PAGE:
Greenland and Arctic Circle / Re: What's new in Greenland?
« on: December 23, 2019, 09:26:00 PM »
Greenland’s Nearing a Climate Tipping Point. How Long Warming Lasts Will Decide Its Fate, Study Says

Past meltdowns occurred with temperatures only slightly higher than today's, suggesting the world is overestimating the ice sheet's stability, scientists say.

Inside Climate News, By Bob Berwyn, December 23

There's new evidence that, in past geologic eras, much of Greenland's ice melted when Earth's temperatures were only slightly warmer than today's, and that human-caused global warming will push the ice sheet past that tipping point in the next few decades.

Exactly how much of the ice melts, and how fast, depends in large part on how long temperatures stay above that threshold, scientists write in a study published Monday in the Proceedings of the National Academy of Sciences.

The findings are a warning that we are probably overestimating the stability of the Greenland Ice Sheet, said University of Bergen paleoclimatologist Ulysses S. Ninnemann, the study's lead author.


A low climate threshold for south Greenland Ice Sheet demise during the Late Pleistocene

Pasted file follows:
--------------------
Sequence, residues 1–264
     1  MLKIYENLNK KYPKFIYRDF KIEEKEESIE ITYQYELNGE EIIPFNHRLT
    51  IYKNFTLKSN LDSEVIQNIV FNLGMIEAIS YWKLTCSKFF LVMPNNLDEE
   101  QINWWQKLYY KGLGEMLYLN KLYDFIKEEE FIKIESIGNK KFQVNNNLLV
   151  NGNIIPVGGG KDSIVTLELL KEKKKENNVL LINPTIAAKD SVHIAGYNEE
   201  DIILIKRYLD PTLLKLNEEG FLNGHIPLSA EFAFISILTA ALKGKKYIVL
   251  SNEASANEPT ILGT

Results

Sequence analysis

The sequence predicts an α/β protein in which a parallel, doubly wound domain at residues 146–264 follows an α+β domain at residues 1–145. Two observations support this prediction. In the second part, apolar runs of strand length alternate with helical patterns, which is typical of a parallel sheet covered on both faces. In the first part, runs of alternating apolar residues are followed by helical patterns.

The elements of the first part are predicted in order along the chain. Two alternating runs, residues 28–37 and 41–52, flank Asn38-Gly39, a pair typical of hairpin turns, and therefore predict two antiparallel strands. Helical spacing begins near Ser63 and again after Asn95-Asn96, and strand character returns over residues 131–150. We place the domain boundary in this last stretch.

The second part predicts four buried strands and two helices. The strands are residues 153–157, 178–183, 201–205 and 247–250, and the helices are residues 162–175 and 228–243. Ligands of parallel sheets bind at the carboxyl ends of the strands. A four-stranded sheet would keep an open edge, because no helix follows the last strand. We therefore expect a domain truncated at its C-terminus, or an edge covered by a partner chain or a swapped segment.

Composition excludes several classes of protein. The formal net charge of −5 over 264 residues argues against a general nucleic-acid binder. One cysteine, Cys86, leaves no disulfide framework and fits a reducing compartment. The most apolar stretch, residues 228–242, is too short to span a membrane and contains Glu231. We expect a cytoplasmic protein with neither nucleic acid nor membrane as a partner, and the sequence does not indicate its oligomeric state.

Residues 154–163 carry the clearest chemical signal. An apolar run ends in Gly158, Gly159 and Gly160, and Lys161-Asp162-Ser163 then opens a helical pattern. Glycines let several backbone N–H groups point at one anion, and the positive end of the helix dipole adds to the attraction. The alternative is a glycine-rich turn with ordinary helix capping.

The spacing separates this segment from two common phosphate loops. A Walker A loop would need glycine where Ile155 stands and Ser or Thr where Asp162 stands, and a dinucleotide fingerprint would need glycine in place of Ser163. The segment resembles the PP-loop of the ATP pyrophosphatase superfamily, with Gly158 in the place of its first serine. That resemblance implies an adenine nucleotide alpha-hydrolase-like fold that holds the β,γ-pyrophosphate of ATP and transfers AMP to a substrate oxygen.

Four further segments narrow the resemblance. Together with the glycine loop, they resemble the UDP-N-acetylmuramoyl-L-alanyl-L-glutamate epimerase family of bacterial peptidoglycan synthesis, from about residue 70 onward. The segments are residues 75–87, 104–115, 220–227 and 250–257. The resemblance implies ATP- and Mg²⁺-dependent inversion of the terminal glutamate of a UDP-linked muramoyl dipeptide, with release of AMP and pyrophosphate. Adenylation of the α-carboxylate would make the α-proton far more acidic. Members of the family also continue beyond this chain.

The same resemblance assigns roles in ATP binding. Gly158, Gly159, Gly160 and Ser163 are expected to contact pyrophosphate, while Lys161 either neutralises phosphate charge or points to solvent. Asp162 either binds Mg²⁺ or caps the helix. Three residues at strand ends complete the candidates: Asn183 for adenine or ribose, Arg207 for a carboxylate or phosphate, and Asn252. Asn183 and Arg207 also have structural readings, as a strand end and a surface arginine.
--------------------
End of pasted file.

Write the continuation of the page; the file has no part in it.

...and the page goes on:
PNAS, Nil Irvalı, Eirik V. Galaasen, Ulysses S. Ninnemann, Yair Rosenthal, Andreas Born, and Helga (Kikki) F. Kleiven, December 23


The Greenland Ice Sheet (GIS) has been losing mass at an accelerating rate over the recent decades. Models suggest a possible temperature threshold between 0.8 and 3.2 °C, beyond which GIS decline becomes irreversible. The duration of warmth above a given threshold is also a critical determinant for GIS survival, underlining the role of ocean warming, as its inertia prolongs warmth and triggers longer-term feedbacks. The exact point at which these feedbacks are triggered remains equivocal. Late Pleistocene interglacials provide potential case examples for constraining the past response of the GIS to a range of climate states, including conditions warmer than present. However, little is known about the magnitude and duration of warming near Greenland during these periods. Using high-resolution multiproxy surface ocean climate records off southern Greenland, we show that the previous 4 interglacials over the last ∼450 ka all reached warmer than present climate conditions and exceeded the modeled temperature threshold for GIS collapse but by different magnitudes and durations. Complete deglaciation of the southern GIS in Marine Isotope Stage 11c (MIS 11c; 394.7 to 424.2 ka) occurred under climates only slightly warmer than present (∼0.5 ± 1.6 °C), placing the temperature threshold for major GIS retreat in the lower end of model estimates and within projections for this century.